Vincent van Gogh unfinished means (fill in the blank). This prompt's potential is limitless.
Rocking the art world last week, The New York Times reported Sketchbook Attributed to van Gogh Pits Scholars Against a Museum. The sketchbook's 65 drawings trace back to van Gogh's time spent in Arles, France. According to Bogomila Welsh-Ovcharov, a University of Toronto professor emeritus of art history, and Ronald Pickvance, author of two book about van Gogh's life in Arles and Auvers-sur-Oise, France, the sketchbook is a remarkable discovery for several reasons. However, one reason caught my interest. Vincent van Gogh: The Lost Arles Sketchbook is based on sketches made in a commercial ledger.
In my recent post on Ledger Art: A Narrative of Resilience, I wrote about how Native American artists, confined to reservations, used government ledgers as a medium to record their stories and history. They used ledgers because ledgers were all they had. Welsh-Ovcharov contends van Gogh did the same thing. He used any medium available to sketch. Welsh-Ovcharov and Pickvance believe the van Gogh sketches are authentic. When short of money to purchase canvases, van Gogh had a reputation for drawing and painting on any material not nailed down. The sketchbook is a commercial ledger, most likely given to van Gogh by the proprietors of the Cafe de Garé. Van Gogh lived at this cafe and inn while in Arles from May to early September 1888.
From my longtime friendship and association with Dominique-Charles Janssens, Founder and President of the Institut van Gogh and owner of the Auberge Ravoux, van Gogh's last home and where he died, I've heard many stories. With joie de vivre, Dominique describes Vincent swiping tea towels off the tables at the Auberge. Six of Vincent's tea towel paintings are now in private collections. So for me, Vincent sketching in a commercial ledger is not a far-fetched reality.
Alas, though, I am an enthusiast and not a scholar or art expert. With all the fake news swirling around us, what is the truth?
The Van Gogh Museum Statement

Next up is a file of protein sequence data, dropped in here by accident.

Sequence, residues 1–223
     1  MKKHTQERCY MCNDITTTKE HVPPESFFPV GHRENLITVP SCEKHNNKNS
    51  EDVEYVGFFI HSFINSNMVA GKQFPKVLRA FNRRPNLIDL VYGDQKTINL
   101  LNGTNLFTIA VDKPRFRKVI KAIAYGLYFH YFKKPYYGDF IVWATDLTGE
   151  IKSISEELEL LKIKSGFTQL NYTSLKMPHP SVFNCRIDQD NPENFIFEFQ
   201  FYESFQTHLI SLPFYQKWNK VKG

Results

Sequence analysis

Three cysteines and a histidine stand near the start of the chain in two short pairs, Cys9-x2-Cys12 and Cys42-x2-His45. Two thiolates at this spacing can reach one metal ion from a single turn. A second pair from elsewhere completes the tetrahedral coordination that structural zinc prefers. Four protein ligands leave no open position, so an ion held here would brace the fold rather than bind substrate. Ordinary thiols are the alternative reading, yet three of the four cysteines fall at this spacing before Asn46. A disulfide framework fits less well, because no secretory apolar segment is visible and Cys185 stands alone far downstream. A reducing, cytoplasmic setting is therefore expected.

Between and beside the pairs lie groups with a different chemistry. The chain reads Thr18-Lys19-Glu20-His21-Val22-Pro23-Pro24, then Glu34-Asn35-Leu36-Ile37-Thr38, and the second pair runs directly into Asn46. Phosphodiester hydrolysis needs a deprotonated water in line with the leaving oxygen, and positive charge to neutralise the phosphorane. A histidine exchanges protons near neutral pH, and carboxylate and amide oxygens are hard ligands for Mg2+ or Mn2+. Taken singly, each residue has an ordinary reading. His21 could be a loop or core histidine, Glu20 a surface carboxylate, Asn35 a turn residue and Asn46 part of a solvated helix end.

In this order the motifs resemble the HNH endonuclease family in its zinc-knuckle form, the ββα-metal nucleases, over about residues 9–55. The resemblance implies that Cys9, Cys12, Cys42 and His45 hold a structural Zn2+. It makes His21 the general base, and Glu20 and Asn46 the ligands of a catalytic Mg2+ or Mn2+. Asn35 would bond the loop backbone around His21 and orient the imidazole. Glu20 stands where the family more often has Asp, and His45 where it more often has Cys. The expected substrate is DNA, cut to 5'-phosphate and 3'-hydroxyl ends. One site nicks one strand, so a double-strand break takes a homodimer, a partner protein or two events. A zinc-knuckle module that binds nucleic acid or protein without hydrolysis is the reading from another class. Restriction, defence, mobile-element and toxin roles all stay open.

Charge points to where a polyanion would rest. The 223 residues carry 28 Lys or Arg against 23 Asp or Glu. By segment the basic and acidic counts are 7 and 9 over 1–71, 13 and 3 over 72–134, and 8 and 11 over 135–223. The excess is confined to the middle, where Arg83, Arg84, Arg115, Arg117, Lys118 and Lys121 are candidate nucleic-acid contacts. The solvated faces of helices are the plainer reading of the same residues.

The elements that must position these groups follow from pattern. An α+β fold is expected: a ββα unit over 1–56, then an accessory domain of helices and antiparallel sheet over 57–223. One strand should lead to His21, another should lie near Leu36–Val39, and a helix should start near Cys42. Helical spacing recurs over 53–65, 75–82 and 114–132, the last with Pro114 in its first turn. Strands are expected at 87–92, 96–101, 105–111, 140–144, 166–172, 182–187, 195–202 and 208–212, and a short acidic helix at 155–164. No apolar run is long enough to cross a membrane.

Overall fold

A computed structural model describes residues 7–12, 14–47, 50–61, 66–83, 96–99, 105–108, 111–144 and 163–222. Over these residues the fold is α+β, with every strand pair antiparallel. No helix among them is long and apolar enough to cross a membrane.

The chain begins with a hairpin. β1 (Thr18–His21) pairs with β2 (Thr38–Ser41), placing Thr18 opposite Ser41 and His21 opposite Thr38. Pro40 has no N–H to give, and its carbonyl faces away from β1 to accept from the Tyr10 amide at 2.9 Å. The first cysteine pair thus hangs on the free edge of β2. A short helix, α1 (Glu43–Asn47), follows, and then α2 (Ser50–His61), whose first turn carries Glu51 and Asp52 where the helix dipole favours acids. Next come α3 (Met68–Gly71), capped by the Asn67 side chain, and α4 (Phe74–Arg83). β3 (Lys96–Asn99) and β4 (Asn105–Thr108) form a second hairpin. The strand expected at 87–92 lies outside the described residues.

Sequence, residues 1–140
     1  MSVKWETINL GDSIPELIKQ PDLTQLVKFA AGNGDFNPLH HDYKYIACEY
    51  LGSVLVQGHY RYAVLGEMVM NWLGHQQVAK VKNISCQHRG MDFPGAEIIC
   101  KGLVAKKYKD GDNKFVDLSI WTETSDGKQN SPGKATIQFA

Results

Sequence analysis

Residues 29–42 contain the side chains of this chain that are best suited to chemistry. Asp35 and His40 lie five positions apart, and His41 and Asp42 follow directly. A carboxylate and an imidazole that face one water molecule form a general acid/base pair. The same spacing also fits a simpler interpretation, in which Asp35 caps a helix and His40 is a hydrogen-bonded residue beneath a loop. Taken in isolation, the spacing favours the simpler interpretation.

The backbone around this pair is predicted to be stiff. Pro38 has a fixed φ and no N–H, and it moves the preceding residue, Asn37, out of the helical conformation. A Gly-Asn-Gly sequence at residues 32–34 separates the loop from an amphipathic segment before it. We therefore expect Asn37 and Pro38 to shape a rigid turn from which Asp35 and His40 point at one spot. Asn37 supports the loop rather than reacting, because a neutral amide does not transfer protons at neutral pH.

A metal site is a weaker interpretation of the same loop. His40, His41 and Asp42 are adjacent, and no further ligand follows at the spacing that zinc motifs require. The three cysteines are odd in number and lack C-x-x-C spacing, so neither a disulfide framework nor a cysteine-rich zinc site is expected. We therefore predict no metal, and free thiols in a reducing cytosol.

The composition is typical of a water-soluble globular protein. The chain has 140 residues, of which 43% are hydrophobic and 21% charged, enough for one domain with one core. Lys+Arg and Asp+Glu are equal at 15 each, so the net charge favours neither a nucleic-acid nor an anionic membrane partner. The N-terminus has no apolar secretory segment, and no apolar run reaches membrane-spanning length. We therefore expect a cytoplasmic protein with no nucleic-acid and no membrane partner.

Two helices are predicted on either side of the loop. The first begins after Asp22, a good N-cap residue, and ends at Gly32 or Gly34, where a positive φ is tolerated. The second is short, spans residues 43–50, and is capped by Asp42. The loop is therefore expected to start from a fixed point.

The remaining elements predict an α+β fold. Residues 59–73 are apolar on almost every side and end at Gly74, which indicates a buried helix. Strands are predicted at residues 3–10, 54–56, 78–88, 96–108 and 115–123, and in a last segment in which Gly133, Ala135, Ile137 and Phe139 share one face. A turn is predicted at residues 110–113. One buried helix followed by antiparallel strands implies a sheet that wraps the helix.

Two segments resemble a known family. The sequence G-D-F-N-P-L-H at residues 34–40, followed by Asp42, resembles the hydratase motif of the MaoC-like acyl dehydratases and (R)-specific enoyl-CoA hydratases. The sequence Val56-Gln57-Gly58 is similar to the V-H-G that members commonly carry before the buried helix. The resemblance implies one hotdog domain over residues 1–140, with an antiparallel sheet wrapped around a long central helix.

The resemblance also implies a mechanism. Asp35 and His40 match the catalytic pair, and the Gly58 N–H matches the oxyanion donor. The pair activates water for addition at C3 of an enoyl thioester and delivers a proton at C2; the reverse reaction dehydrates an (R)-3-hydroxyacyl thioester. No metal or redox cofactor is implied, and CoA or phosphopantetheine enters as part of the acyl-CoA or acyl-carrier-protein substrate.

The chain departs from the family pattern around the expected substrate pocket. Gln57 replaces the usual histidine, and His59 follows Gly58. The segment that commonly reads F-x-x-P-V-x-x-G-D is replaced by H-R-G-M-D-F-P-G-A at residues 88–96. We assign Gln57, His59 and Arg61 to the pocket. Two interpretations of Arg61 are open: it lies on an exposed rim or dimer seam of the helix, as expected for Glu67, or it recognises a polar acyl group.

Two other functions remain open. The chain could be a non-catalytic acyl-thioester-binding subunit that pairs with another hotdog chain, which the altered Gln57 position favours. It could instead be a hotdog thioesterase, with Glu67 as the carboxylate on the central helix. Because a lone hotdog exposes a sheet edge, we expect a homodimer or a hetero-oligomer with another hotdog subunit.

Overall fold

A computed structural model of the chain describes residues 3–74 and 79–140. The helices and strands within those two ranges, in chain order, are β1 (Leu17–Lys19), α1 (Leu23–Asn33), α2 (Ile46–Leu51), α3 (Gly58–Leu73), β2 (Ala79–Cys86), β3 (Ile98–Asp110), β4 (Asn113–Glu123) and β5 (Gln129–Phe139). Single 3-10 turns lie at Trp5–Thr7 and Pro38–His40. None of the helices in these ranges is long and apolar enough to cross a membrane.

In Amsterdam, the Van Gogh Museum is the sole authority responsible for the authentication of van Gogh's work. The Museum released a statement citing several reasons why the sketchbook is not van Gogh's.
- Characteristic style not in evidence.
- Brownish ink not typical.
- Topographical errors.
- Sketchbook's provenance raises many questions.
According to Louis van Tilborgh, a senior researcher at the Museum, the sketchbook was reviewed in 2008 and 2012 with same conclusion: the sketchbook is not authentic.
Given the financial value of van Gogh's work, the likelihood of forgery is high on the Museum's list of concerns whenever someone claims discovery of a "lost" van Gogh. In fact, while researching forgeries for this post, I noticed that investigative reporter James Ottar Grundvig is the author of Breaking van Gogh: Saint-Rémy, Forgery, and the $95 Million Dollar Fake at the Met published last month by Skyhorse Publishing.
When it comes to van Gogh, everyone seems to have an angle.
The Creative Truth or This Much I Know is True
The one thing I know is true is this: when you enter Gallery 825 inside the Metropolitan Museum of Art, you will see more people clustered around paintings by Vincent (as he signed his paintings) than any other artist. And if you take seat and observe people, as their eyes travel over the colors and textures, you realize you are in the presence of the spiritual connection between artist and viewer. It is remarkable.
Every now and then, I'll take my dog-eared copy of Dear Theo: The Autobiography of Vincent van Gogh edited by Irving and Jean Stone to Gallery 825. Reading one or two letters surrounded by the paintings is deeply moving. Amid his doubts and obstacles, van Gogh's vision and hope for the world remains extraordinary.
Creative expression is what makes us human and it is through this impulse that we each have the potential to bring more beauty into the world. We are all unfinished works in progress. And that is an encouraging truth.
Note on the Post Header Image: van Gogh's unfinished canvas of the Village of Auvers-sur-Oise was one painting among many by other artists included in the MET Breuer's exhibition: Unfinished: Thoughts Left Visible. I could not resist taking a photo of the people gathered around Vincent's canvas. No other canvas drew as much attention in this particular gallery.
Unfinished: Thoughts Left Visible was a fantastic exhibit and merits its own blog post. So many posts to write!
How do you manage your time for creating content for your blog? Please share your tips!
Viewers gather around van Gogh's unfinished painting of Auvers-sur-Oise at the MET Breuer, September 2, 2016.